Rainbows in the Snow

Heading into March we welcome the warmth of the sun on our backs, waiting patiently for the snow to melt and the pussy willows to open for another year. Spring on the farm is one of our favourite seasons. Colourful rows seem more vibrant now against the white snow blanketing our landscape. This is a beautiful place to live and work.  Please enjoy some of the breathtaking scenery we see every day.

 Yellow Curly Willow and the rolling Northumberland Hills beyond.

Yellow Curly Willow and the rolling Northumberland Hills beyond.

Spectacular fire-orange Flame willow.

 Hydrangea, Yellow Dogwood, Cardinal Dogwood and Flame Willow.

Hydrangea, Yellow Dogwood, Cardinal Dogwood and Flame Willow.

 Rainbow fields of The Branch Ranch.

Rainbow fields of The Branch Ranch.

 Yellow Dogwood and Flame Willow.

Yellow Dogwood and Flame Willow.

 A March snow storm enhances the drama. 

A March snow storm enhances the drama. 

The Fools of April - A Challenging Spring

In a normal year we start the spring harvest in February. We are accustomed to dealing with some snow which we push away from the crown of the shrubs with our feet in order to cut as low as possible on the plant. Normally, this snow melts quickly and we find ourselves dealing with mud. The winter of 2014 delivered more snow than we have ever experienced on The Branch Ranch. We watched the weather forecasts, hoping for warm temperatures and rain to melt the snow but none came.

In the end we were forced to begin the harvest in late March, walking on top of the snow at first and eventually sinking through to knee level with every footstep. When the snow was soft we had to stomp around every plant to get the maximum length out of each branch but we hit an ice layer under the snow from the December ice storm which was impenetrable until the last week of cutting. 

And before we knew it the harvest was over, the sun came out, the pussy willows burst into flower and the bees appeared. Pussy willows are nature's earliest pollinators and the bees love their yellow, fuzzy flower heads. Such is the pussy willow harvest...always unpredictable but full of the promise of spring.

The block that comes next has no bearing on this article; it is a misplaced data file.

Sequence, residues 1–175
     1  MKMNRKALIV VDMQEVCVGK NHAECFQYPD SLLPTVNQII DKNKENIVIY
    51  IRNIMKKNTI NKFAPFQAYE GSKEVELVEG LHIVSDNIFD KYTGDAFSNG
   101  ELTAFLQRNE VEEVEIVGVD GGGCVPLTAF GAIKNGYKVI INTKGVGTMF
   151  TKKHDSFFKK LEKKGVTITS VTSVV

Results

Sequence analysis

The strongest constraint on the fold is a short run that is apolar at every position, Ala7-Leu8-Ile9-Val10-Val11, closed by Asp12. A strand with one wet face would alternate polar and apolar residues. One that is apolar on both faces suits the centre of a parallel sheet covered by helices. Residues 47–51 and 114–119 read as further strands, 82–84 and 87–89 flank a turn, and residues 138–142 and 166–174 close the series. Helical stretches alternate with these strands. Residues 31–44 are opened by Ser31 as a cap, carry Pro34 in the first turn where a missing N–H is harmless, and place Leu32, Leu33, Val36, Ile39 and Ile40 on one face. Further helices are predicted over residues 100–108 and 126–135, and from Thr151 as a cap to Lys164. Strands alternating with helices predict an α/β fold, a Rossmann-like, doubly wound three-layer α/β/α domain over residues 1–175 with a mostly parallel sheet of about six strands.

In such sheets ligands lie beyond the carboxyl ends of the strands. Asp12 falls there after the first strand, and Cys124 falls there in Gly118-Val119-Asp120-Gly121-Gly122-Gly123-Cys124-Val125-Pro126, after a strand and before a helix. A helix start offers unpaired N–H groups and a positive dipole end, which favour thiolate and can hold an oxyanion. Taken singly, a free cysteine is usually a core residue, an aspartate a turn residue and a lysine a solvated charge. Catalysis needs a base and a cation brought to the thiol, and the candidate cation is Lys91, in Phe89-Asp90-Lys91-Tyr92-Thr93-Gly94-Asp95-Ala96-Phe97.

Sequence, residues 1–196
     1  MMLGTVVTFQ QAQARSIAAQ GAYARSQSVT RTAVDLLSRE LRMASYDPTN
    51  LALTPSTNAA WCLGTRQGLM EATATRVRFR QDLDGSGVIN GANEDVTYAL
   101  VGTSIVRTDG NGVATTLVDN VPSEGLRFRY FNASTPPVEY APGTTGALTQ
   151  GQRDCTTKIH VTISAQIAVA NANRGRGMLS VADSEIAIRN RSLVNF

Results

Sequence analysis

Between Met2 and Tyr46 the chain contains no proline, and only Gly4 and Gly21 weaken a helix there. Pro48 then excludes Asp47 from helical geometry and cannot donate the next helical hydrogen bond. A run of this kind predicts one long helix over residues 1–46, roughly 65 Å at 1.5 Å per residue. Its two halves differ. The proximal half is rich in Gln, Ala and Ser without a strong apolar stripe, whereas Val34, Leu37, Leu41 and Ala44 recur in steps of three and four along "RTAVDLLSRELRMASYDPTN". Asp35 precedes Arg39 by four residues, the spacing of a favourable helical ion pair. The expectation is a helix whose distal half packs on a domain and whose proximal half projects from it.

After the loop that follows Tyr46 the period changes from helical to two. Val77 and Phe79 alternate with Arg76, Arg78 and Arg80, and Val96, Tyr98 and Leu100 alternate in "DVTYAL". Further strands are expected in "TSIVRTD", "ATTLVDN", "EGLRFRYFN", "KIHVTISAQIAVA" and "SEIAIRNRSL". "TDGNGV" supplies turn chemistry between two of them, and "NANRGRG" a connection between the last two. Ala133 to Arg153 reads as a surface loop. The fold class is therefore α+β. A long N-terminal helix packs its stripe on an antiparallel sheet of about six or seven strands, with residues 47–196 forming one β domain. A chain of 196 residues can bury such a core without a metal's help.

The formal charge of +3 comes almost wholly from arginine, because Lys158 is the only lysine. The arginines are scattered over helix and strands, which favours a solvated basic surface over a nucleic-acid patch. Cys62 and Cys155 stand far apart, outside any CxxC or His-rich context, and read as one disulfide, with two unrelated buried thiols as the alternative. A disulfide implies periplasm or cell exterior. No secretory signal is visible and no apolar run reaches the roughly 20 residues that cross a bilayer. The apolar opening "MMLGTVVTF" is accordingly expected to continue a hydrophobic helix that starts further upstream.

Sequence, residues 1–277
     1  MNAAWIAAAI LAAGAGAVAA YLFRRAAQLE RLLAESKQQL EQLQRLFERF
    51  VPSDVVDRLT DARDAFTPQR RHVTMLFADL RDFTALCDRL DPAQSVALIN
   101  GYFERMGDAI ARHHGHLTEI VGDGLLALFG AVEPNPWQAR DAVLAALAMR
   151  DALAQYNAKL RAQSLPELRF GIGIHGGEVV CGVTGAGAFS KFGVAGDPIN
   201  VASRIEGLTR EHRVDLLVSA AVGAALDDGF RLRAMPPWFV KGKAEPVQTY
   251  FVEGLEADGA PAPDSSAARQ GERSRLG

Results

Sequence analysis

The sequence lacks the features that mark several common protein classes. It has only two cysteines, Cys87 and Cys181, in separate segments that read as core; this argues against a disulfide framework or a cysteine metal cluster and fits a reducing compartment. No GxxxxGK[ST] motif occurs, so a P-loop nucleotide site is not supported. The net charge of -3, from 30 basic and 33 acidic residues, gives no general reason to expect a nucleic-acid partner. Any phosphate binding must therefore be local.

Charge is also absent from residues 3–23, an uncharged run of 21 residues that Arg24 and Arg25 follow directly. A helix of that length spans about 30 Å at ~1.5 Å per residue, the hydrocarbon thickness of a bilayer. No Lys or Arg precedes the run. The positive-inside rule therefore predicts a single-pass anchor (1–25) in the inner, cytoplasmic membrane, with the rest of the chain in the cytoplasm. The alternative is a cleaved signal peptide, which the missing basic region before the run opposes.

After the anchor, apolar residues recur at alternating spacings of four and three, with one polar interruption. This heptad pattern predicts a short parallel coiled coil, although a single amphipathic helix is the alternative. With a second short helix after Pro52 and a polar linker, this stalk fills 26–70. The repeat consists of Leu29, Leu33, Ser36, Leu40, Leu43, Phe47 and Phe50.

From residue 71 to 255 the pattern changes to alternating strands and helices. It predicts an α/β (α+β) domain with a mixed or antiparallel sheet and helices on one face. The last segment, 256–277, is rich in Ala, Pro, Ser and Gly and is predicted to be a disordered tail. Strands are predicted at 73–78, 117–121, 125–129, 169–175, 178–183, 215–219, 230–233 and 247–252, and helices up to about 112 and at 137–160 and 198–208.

The View From This Side of the Icicle.

Winter is the season of rest for many plants and mammals. After a long growing season and intense harvest, we look forward to wrapping ourselves in winter's white blanket and enjoying the beauty of the rolling landscape which surrounds us. We always welcome the winter snows which offer the opportunity to snow shoe or ski in the fields and woods on the farm.

Sometimes, however, winter's beauty can be destructive and devastating, as it was when the ice arrived on Friday December 20th. For three days we were iced in at the farm, unable to drive and only able to walk to the barn in snowshoes with heavy cleats . We stocked up firewood, and filled pots, jugs and bathtub with water in anticipation of a power outage, bracing for the worst.

Fortunately, we did not lose power this time, but many hundreds of thousands in South Central and Eastern Canada were stranded without heat or hydro, forced to find shelter with friends and families or at community centres for days which extended over the Christmas holidays. Thousands are still without power and suffering from the prolonged outages. Many trees were lost from the weight of the ice and strangely and one week later, with dropping temperatures and little sun, the trees and branches are still covered with that same ice and now an additional layer of snow. With winds forecast for tonight and tomorrow, the after effects of this storm may still be felt for some time. 

On a brighter note, the icy landscape is a photographers dream. When the sun appeared we were delighted to discover a sparkling, frosty, bejewelled landscape, covered with inches of glistening ice, the branches in the fields resembling an underwater scene of coral and seaweed. It was so cold when these photos were taken the iPhone 4 that took them kept powering off. 

Flame willow, once towering above our heads, now bows down gracefully before us, it's vivid orange bark still visible through layers of ice, softened to an indescribable shade. 

Tall green curly willow appear to writhe and swirl in a fierce struggle against the weight of their icy encasement.

Hydrangea, dwarfed by almost a metre of snow and ice at it's feet, flower heads laden heavy, arching to the ground as if to show exhaustion from it's rapid, vigorous growing season. 

And then there was snow...

What Do We Grow at The Branch Ranch?

Early this fall, Carola Vynhak, a journalist who has worked with the Toronto Star for 35+ years, spent the morning with us on the farm, taking photos and talking about what we do here. Today her piece is featured in the Life Section of the paper. It has been an interesting and overwhelming experience for two reclusive farm girls! We love what Carola wrote and thank her very much for writing about us. Here is a link to the article online: At The Branch Ranch, an Unusual Farm, They Grow - what else? - Branches!